By Charles Apple
It didn’t take long after the World Wide Web entered our lives for Wall Street to discover the quick, profitable returns possible by investing in online ventures. “Dot-coms” were hot, hot, hot at the time. And web creators were only too happy to sell stock in their work.
But with easy, plentiful money came questionable managerial decisions, fast, frivolous spending and bloated payrolls – in some cases, with no viable product in hand. The result: What’s now called the Dot-com crash.
Business:Online toy retailer
Public offering:May 19, 1999: $20 per share
The boom:Stock price went to $76 that first day.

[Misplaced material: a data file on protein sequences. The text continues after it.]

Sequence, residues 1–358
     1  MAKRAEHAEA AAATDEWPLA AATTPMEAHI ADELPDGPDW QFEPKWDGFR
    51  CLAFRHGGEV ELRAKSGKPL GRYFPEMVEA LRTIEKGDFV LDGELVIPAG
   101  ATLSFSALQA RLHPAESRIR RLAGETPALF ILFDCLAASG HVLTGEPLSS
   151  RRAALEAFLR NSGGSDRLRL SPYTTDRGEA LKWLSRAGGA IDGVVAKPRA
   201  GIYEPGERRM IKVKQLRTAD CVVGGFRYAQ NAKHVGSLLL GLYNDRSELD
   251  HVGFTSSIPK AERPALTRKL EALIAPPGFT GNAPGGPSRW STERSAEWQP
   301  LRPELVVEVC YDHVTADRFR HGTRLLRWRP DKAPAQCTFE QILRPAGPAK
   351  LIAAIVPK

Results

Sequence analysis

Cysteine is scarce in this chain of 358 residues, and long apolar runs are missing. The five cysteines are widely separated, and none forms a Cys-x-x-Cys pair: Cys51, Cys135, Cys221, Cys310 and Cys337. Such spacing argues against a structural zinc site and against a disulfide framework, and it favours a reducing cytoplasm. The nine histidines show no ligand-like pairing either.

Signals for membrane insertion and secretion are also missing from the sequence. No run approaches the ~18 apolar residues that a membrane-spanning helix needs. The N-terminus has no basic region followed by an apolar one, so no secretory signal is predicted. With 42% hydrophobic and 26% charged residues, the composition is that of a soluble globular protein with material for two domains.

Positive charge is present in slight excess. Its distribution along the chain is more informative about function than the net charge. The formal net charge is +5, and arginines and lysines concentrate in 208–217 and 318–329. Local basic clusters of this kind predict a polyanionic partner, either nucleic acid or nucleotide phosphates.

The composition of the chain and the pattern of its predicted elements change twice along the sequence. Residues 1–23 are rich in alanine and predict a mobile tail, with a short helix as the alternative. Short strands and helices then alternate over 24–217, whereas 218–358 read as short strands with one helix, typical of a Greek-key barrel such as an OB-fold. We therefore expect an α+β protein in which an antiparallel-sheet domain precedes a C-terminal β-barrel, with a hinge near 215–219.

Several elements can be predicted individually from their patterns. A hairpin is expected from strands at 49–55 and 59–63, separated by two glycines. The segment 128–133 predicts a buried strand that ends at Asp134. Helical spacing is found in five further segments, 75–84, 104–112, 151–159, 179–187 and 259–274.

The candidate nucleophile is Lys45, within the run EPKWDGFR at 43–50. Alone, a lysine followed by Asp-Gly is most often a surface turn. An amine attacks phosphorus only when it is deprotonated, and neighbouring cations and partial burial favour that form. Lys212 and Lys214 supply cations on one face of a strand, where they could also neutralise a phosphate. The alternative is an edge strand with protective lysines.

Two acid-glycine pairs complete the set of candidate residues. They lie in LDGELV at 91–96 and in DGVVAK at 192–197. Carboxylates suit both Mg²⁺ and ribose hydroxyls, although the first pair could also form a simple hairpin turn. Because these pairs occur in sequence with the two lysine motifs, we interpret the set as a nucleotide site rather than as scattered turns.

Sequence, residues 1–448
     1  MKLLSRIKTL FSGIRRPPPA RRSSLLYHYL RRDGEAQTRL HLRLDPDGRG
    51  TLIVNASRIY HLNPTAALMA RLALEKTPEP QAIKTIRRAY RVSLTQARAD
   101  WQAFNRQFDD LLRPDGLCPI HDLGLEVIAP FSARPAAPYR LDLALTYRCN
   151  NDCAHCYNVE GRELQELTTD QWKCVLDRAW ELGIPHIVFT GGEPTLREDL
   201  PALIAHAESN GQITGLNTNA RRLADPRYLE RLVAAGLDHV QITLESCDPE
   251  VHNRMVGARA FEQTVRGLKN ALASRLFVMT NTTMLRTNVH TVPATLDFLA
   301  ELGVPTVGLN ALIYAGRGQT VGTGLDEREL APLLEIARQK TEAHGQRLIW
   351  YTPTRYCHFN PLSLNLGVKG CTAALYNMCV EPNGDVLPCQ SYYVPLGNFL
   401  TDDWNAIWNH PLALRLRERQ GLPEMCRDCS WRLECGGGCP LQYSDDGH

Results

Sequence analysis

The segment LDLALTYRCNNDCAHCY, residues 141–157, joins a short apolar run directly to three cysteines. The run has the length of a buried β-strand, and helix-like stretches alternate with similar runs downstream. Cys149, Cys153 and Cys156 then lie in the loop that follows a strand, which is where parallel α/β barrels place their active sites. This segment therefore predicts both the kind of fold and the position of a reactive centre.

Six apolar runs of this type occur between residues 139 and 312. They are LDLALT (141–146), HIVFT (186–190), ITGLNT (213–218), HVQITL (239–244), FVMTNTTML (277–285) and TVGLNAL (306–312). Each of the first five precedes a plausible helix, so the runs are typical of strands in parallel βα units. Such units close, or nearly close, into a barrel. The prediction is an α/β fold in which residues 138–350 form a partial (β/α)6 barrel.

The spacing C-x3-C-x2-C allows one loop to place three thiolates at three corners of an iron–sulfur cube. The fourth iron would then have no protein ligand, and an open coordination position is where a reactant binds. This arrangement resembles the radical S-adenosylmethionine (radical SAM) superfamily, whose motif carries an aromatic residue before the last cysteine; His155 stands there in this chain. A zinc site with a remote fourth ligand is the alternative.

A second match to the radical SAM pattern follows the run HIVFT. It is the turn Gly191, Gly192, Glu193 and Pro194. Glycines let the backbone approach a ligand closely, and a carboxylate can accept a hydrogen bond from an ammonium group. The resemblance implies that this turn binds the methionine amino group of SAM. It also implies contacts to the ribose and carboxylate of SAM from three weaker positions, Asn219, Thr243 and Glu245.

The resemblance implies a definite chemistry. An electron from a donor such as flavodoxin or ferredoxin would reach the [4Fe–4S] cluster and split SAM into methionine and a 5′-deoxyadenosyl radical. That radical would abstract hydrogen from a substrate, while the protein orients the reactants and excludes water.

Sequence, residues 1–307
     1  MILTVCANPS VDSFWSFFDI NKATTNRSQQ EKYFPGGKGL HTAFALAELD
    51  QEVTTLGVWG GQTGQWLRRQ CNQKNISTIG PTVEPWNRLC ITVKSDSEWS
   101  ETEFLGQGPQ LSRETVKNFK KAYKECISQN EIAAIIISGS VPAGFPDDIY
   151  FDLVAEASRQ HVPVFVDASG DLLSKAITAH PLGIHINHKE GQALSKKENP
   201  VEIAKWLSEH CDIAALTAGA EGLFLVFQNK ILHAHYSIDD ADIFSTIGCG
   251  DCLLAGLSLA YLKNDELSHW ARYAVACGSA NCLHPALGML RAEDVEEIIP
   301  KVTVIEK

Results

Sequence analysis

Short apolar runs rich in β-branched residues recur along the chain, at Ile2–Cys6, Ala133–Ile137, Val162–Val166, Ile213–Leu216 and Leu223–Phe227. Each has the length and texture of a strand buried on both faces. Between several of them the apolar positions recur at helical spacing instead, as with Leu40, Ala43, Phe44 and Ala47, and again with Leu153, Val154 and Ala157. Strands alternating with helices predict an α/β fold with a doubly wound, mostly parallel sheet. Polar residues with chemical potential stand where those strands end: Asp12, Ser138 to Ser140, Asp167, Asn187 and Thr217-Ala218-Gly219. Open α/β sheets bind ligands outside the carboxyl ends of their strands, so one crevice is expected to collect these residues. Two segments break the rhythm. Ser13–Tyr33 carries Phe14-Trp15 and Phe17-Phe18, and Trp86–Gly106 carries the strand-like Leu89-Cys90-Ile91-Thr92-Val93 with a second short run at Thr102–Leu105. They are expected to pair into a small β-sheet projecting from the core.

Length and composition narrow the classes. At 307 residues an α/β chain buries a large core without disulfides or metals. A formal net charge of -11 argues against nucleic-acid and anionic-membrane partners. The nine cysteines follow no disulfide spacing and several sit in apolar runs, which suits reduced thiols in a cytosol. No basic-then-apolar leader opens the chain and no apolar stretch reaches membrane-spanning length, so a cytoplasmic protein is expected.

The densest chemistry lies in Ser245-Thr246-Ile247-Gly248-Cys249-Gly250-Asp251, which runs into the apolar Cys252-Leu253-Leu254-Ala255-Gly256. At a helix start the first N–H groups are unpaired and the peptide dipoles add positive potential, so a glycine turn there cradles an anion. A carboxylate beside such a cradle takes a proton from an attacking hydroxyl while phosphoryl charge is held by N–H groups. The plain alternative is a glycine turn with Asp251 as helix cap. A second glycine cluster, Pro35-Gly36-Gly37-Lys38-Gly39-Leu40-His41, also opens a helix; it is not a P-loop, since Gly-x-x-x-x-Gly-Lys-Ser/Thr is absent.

Result:Stock price 9¢ a share by February 2001. Liquidated in March 2001.
Business:Online pet supply retailer
Public offering:Feb. 10, 2000: $11 per share
The boom:Stock price went to $76 that first day, a month after a splashy Super Bowl commercial.
Result:Liquidated just 268 days after its IPO.
Business:Social media network
Public offering:Nov. 13, 1998: $9 per share
The boom:Stock price increased 606% that first day.
Result:Stock price 16¢ a share by April 2001. Shut down in 2007.
Business:Web-based grocery delivery service
Public offering:Nov. 5, 1999: $15 per share
The boom:Raised $1.375 billion in startup costs.
Result:Shut down in June 2001.
Business:Online discount travel agency
Public offering:March 31, 1999: $16 per share
The boom:A month later, stock sold for $974 a share.
Result:Stock was priced at $6.60 a share by October 2002. The company restructured its business and bounced back after the 2008-2009 recession.
Sources: LombardiLetter.com, Investopedia, 25iq.com, Reuters, TheStreet.com, The Motley Fool, Forbes, HowStuffWorks.com